## 10.5.16

### The rhythm of k mod n

The concept of the order of k mod n where k and n are integers such that k < n and GCD(k,n) = 1 relates to the smallest power of k for which k is 1 mod n. [page 242]

If GCD(k,n) > 1, or in other words, if k and n have common multiples then k is said to have an infinite order mod n.

The notion of infinite order suggests that if GCD(k,n)>1 then there is no predictable pattern in the kth row of the exponentiation table of Zn. However, empirical evidence suggests that this is not the case.

The need for the following definition arises.

Definition: The rhythm of k mod n is the smallest integer r > 1 such that kr = k mod n

Claim: The rhythm of k mod n is the number of unique integers that are powers of k mod n.

Proof. Given an integer k, then the next integer is k*k, and each subsequent integer is k*(k*k... mod n) until (k*k... mod n) = 1, therefore the rhythm of k mod n counts the number of unique integers that are powers of k mod n.

Also, clearly:

Claim: If GCD(k,n) = 1 and s is the order of k mod n then the rhythm r of k mod n is r = s+1

Proof: If s is the order of k mod n then ks = 1 mod n so ks+1 = k*(ks) = k*1= k mod n

Similarly, if r is the rhythm of k mod n and GCD(k,n) = 1 and then (r-1) is the order of k mod n

Claim: If r is the rhythm of k mod n and k divides n then kr-1 is a selfie square.

Proof: Coming soon

And now to the heartbreaking claim of the week. Heartbreaking because I found a counter example, which means that I'm wrong.

Claim: If n is the product of 2 distinct odd primes p and q then the rhythm of p is q and the rhythm of q is p
False n = 91 so p = 13 and q = 7

A small update to the algorithm for finding powers of k mod n now allows for k to be any integer smaller than n. Previously that algorithm only worked for GCD(k,n) = 1 but now I modified it to look for the rhythm of k mod n as opposed to the order, which only applies to k that has no common multiples with n.

``````/* -------------------------------------------------
This content is released under the GNU License
http://www.gnu.org/copyleft/gpl.html
Author: Marina Ibrishimova
Version: 1.0
Purpose: Generate powers of k mod n,
generate the unique portion of row at k
of the exponentiation table of Z sub n
---------------------------------------------------- */

function powers_of_k_mod(n,k)
{
var index = 0;
var perm_slot = k;
var count = 1;
var perm = new Array(); var powers = new Array();
perm = generate_permutation(n, k);
powers.push(1);
powers.push(perm_slot);
//this ensures the initial k is counted
//as well as k^r=k
do
{
index = perm_slot;
perm_slot = perm[index];
powers.push(perm_slot);
}
while(perm_slot != k && perm_slot != 0)

return powers;
}
/* -----------------------------------------------
generate kth row of the multiplication table
of Z sub n even if GCD(k,n)>1, which is shorter
-------------------------------------------------- */
function generate_permutation(n, k)
{
var index = 0;
var permutation = new Array();
permutation.push(0);
while(index!=(n-k))
{
index = index + k;
if (index > n) {
index = index - n;
}
permutation.push(index);
}
// this accounts for when n, k have common multiples
if(n%k != 1)
{
for(i=0; i<(n-permutation.length); i++)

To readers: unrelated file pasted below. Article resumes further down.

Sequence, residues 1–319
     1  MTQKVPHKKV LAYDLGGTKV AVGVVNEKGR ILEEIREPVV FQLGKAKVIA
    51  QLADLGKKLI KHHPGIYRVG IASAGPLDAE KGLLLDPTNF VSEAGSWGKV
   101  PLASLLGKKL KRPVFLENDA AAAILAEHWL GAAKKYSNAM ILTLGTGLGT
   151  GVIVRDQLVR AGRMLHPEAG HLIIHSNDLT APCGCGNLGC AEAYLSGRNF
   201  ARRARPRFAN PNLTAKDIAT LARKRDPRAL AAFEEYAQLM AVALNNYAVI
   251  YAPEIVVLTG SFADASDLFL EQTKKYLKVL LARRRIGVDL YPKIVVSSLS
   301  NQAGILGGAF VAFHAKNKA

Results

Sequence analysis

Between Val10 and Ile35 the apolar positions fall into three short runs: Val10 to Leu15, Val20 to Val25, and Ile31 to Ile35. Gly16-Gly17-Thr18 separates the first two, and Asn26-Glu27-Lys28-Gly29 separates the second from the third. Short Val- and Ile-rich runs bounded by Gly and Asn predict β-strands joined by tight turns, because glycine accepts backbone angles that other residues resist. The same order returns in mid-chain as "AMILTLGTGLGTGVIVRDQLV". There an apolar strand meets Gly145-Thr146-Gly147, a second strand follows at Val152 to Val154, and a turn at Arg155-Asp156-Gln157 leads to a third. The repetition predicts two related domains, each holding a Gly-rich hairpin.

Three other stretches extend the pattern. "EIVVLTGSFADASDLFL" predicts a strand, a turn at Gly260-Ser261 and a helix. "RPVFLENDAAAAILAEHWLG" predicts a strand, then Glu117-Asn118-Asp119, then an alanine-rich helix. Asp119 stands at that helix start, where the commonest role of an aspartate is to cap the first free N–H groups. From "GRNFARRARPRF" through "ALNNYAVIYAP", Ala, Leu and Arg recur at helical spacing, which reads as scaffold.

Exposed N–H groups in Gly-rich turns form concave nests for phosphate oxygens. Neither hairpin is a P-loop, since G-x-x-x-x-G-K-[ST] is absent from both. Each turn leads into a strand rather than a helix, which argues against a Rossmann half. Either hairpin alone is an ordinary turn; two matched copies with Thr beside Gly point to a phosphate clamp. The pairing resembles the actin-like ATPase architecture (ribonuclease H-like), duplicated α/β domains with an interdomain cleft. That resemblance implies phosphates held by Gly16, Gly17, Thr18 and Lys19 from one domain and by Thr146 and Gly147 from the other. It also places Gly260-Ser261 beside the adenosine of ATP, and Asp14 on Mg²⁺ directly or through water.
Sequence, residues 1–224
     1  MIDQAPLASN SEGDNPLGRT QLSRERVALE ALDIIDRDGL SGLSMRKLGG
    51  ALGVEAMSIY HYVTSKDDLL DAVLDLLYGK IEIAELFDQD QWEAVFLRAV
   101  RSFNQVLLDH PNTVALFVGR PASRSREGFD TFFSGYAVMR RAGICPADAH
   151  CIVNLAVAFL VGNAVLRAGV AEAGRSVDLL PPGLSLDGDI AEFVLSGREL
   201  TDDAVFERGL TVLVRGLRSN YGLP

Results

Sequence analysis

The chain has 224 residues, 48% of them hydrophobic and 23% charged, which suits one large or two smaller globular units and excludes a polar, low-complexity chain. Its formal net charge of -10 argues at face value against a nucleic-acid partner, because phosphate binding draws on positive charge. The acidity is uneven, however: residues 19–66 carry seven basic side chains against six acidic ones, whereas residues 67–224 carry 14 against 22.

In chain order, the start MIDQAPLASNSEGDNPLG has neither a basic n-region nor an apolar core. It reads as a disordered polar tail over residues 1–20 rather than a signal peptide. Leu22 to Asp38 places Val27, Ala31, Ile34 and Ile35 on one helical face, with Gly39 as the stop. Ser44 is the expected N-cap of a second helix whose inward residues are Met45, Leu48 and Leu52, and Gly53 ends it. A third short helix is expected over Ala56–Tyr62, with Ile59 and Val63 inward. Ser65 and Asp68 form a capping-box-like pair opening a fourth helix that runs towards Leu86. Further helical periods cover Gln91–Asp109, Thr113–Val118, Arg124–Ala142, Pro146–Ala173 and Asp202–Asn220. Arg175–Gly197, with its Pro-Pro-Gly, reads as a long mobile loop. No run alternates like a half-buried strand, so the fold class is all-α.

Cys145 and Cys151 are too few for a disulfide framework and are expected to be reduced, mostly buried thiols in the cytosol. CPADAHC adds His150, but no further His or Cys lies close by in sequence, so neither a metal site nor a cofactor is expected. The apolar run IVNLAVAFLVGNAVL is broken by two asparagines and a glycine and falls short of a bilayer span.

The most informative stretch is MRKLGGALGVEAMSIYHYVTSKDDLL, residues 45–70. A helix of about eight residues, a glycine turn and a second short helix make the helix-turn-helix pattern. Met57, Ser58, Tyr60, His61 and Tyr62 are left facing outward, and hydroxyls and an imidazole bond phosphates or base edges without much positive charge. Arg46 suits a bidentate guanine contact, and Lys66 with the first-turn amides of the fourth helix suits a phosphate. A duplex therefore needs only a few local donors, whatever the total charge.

{
permutation.push(permutation[i]);
}
}
return permutation;
}

``````

UPDATE: This works for n that is either a product of distinct primes or a power of a prime because those two domains are of particular interest to me and this post in particular but I modified the algorithm above to also work for n that can be either a product of distinct primes or a power of a prime, or both so that now it can find the powers of any positive integer modulo any other positive integer.

``````/* -------------------------------------------------
This content is released under the GNU License
http://www.gnu.org/copyleft/gpl.html
Author: Marina Ibrishimova
Version: 1.0
Purpose: Generate powers of k mod n,
generate the unique portion of row at k
of the exponentiation table of Z sub n
---------------------------------------------------- */

function powers_of_k_mod(n,k)
{
var index = 0;
var perm_slot = k;
var count = 1;
var perm = new Array(); var powers = new Array();
perm = generate_permutation(n, k);
powers.push(1);
powers.push(perm_slot);
do
{
index = perm_slot;
perm_slot = perm[index];
/* -------------------------------------------------
this ensures that if there are any repetitions other than 1 and k
within the powers array, then program terminates
--------------------------------------------------- */
if(powers.lastIndexOf(perm_slot) > 1)
{return powers;}
powers.push(perm_slot);
}
while(perm_slot != k)

return powers;
}

/* -----------------------------------------------
generate kth row of the multiplication table
of Z sub n even if GCD(k,n)>1, which is shorter
-------------------------------------------------- */
function generate_permutation(n, k)
{
var index = 0;
var permutation = new Array();
permutation.push(0);
while(index!=(n-k))
{
index = index + k;
if (index > n) {
index = index - n;
}
permutation.push(index);
}
// this accounts for when n, k have common multiples
if(n%k != 1)
{
for(i=0; i<(n-permutation.length); i++)
{
permutation.push(permutation[i]);
}
}
return permutation;
}

``````

ANOTHER UPDATE: Here's an algorithm for finding selfie squares using 3 calculations. Selfie squares have the shortest possible rhythm, and are either p or q or multiples of p or q.